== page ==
Dyspeptic symptoms are more common in patients with frequent GERD compared with intermittent GERD, and they impact patient QOL . In agreement with previous studies [10,11], FD was a significant risk factor associated with sEE in this study. EPS showed a stronger association with sEE than PDS, which was also consistent with a previous study . Patients with dyspepsia are known to be at risk to develop GERD . In addition, specific dyspeptic symptoms are reportedly associated with poor responses to PPIs in GERD patients . To better manage the reflux symptoms of EE, further pathophysiological studies of the overlap between GERD and FD are needed.
Atrophic gastritis, which is mainly induced by H. pylori infection, leads to hypoacidity of gastric juice and is negatively associated with EE. This negative association was also observed in this study. Interestingly, however, the presence of atrophic gastritis was also a risk factor associated with sEE in this study. A positive association between H. pylori infection and sEE has been reported in a previous study from China . Chronic mucosal inflammation in atrophic gastritis might lead to abnormalities in gastroduodenal motility and sensitivity  as well as reflux symptom presentation.
One strength of this study was the use of a large catalog of data from a prospective multicenter cohort study. The size and comprehensiveness of this database enabled us to determine the predictors of EE and the factors associated with symptom presentation in EE while adjusting for potential confounders. Nevertheless, this study has several limitations. First, most of the EE subjects in this study were individuals who underwent health screenings, not patients. In addition, the severity of reflux symptoms was not measured, although symptom frequency was measured in detail. The questionnaire for self-assessment of daily life without an objective definition was simple, and therefore it might be insufficient for evaluating the data or for comparisons to other studies on the same topic. Subjects who were receiving antidepressants or tranquilizers were not excluded from this study, although their perceptions of their stress levels might be influenced by those drugs. Furthermore, the status of H. pylori infection was not evaluated biologically, although endoscopic atrophic gastritis associated with H. pylori infection was evaluated.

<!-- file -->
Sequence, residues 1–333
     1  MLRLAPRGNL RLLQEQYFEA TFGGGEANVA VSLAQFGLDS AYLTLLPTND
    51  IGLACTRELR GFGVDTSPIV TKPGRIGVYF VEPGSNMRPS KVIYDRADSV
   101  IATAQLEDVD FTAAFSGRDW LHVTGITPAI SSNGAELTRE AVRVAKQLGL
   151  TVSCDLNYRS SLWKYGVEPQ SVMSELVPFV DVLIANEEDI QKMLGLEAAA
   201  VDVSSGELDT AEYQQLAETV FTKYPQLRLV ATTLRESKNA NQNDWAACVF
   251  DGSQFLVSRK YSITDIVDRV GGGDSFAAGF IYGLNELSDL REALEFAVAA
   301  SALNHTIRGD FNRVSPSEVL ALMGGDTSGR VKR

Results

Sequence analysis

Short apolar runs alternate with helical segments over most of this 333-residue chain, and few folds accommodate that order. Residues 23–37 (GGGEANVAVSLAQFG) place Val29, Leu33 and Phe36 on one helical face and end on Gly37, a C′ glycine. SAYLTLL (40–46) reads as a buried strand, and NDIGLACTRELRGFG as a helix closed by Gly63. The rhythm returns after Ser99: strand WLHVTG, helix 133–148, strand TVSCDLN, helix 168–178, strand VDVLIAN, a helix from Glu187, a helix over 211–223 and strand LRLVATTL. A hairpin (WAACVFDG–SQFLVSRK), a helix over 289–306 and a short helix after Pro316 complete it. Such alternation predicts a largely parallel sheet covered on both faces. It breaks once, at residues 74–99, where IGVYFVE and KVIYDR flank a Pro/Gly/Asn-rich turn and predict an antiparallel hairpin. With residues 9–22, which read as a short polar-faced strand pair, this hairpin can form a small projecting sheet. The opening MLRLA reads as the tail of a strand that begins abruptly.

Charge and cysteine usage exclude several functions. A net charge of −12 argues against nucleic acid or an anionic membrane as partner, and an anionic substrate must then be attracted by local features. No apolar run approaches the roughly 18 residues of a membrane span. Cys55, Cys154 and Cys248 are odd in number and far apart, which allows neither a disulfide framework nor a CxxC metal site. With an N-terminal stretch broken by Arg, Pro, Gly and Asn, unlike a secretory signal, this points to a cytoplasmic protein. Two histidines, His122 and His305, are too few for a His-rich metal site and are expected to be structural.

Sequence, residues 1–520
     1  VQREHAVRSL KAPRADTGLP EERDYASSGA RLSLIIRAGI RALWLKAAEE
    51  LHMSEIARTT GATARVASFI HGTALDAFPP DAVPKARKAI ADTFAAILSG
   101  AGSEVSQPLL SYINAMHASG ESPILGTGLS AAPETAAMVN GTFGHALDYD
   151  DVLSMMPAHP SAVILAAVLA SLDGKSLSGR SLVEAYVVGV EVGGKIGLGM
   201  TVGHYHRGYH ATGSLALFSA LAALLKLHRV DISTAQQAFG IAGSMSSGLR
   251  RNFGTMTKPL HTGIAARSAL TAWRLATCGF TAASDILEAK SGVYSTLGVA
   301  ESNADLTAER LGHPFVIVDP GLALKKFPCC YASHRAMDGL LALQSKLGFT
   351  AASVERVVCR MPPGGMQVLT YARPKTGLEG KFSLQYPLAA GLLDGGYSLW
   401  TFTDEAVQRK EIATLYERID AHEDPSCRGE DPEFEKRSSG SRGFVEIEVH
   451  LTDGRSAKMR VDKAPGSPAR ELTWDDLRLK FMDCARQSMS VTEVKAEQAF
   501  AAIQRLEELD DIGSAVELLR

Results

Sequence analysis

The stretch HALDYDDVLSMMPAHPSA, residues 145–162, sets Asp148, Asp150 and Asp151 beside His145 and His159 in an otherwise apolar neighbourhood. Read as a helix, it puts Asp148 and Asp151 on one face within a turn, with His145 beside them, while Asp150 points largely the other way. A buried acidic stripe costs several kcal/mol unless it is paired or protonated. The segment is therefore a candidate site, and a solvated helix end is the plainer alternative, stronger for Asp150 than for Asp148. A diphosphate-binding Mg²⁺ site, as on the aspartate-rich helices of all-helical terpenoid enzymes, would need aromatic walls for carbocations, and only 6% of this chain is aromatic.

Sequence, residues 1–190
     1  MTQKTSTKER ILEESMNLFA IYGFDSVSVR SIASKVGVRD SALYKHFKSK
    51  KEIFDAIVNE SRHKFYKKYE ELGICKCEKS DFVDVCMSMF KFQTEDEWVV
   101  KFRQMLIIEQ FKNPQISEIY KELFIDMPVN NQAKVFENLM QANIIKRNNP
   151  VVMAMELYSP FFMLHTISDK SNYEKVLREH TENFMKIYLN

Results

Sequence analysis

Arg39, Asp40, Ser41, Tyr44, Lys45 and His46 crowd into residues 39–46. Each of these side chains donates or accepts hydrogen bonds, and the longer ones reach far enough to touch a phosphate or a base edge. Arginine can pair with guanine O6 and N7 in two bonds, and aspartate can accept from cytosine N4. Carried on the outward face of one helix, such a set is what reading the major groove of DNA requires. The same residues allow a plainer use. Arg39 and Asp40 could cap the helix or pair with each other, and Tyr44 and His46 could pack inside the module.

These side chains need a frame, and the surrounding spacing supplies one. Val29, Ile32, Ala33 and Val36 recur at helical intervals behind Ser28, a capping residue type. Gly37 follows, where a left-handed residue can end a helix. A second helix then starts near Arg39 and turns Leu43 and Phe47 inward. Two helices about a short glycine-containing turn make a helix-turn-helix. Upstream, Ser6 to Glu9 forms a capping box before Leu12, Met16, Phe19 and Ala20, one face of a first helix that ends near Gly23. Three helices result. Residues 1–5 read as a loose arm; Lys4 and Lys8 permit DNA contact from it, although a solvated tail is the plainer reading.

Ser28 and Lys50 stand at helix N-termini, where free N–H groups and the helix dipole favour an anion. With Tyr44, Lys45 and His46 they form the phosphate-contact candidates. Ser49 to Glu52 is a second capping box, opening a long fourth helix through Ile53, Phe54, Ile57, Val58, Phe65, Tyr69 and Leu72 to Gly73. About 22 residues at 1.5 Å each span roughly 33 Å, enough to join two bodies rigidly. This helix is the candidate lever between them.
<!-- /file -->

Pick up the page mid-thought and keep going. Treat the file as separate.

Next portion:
In conclusion, approximately one-sixth of the EE subjects in our population were symptomatic. The factors associated with the symptomatic presentation of EE included overlapping EPS, overlapping PDS, experiencing high levels of stress, severe hiatal hernia, atrophic gastritis, and LA grade B or worse. A multifactorial etiology, including factors unrelated to gastric acid secretion, was associated with the symptomatic presentation of EE. The natural history of EE symptom presentation will be investigated in our follow-up studies.
S1 Table. Multivariate analysis of the factors associated with erosive esophagitis compared to the control group stratified by gender.
S2 Table. Multivariate analysis of the factors associated with erosive esophagitis compared to the control group stratified by the presence of a hiatal hernia and endoscopic Barret’s mucosa.
S3 Table. Comparison of clinical characteristics between the subjects with erosive esophagitis and control individuals (including the subjects with incomplete STAI values).
S4 Table. Multivariate analysis of the factors associated with erosive esophagitis compared to the control group (including the subjects with incomplete STAI values).
We are grateful to Ms. Haru Hamanaka for her dedicated secretarial assistance. We thank Mr. Masaki Ashida, Mr. Takahide Kudo, and Mr. Takashi Okamoto for their assistance with the statistical analysis. We thank Ms. Junko Otani for her assistance with the database creation. We thank Mr. Takahiro Hanasaki for his assistance. We thank Dr. Kiyoshi Ashida for providing helpful suggestions for this study. We thank Dr. Kenichi Nishioji, Dr. Mai Kamaguchi, Dr. Hidekazu Mukai, Dr. Atsushi Sugahara, Dr. Akihiko Watanabe, Dr. Saori Matsui, and Dr. Nobuyuki Matsuki for their assistance with data collection.